Mai-Mai represented a diverse group of autonomous actors, some of whom opportunistically switched alliances. By September their groups had gained such importance that government and RCD alike tried to incorporate Mai-Mai into their delegations to the inter-Congolese dialogue but Mai-Mai maintained they should participate on their own.
All parties to the war abducted and recruited children to be trained and deployed as soldiers, as members of local militia or civil defense forces, or as workers attached to military units.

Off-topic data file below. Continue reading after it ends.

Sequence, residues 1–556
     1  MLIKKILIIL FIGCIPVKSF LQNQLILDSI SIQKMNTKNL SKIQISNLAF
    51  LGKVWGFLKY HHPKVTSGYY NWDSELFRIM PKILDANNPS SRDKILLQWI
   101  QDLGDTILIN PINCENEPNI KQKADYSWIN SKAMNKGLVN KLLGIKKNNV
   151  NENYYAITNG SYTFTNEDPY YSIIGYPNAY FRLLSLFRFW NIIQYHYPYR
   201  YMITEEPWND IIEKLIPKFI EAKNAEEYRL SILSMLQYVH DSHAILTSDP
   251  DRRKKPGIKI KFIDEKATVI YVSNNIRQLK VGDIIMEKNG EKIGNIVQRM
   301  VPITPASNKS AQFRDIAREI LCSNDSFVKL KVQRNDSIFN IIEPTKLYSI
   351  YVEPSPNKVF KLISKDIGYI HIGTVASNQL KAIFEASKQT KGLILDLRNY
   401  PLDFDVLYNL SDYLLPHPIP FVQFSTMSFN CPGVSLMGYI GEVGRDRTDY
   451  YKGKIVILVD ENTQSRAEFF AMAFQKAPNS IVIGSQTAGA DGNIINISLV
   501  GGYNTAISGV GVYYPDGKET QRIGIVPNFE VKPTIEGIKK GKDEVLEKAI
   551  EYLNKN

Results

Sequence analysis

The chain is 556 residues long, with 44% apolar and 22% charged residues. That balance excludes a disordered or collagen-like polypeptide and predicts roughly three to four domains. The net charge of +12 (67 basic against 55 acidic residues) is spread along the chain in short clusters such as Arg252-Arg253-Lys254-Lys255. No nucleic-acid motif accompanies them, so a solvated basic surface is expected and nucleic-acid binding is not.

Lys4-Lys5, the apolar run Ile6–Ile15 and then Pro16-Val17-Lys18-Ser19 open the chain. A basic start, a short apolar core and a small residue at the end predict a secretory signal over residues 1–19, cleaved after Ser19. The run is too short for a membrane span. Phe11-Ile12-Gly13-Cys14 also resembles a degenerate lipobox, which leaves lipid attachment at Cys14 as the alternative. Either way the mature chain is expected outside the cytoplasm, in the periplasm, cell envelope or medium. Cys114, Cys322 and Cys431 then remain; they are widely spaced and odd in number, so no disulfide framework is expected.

President Kabila, chosen by consensus among leading domestic and foreign players rather than by any constitutional mechanism, inherited autocratic powers from his father, the late President Laurent-Desiré Kabila. According to Decree Law No. 3 of 1997, all executive, legislative, and judicial powers rest in his hands. Kabila promised human rights reforms but delivered relatively little. He did impose a moratorium on the execution of death sentences in March which was still in effect in late November and in May he began demobilizing child soldiers from the Congolese army. But the security agencies continued the numerous abuses for which they were notorious in the past. Government agents were allegedly responsible for the summary execution of eleven Lebanese just after the assassination of the elder Kabila. Agents of the National Security Agency and the Military Detection of Antipatriotic Activities (DEMIAP) played an important part in investigations of the assassination. This occurred under the aegis of a commission set up in February and including Congolese and representatives of foreign allies of the government. The commission exercised unlimited power to interrogate and arrest suspects and afforded them no due process guarantees. Many detained by the commission were reportedly tortured and some were "disappeared." The worst abuses occurred in unofficial detention places run by the security agencies, including the death of one detainee from torture in mid-April. Bending to domestic and international outcry at abuses linked to the investigation, Kabila closed down unofficial places of detention and ordered detainees transferred to Kinshasa central prison. In September, authorities released some two hundred people detained mostly in connection with the investigation.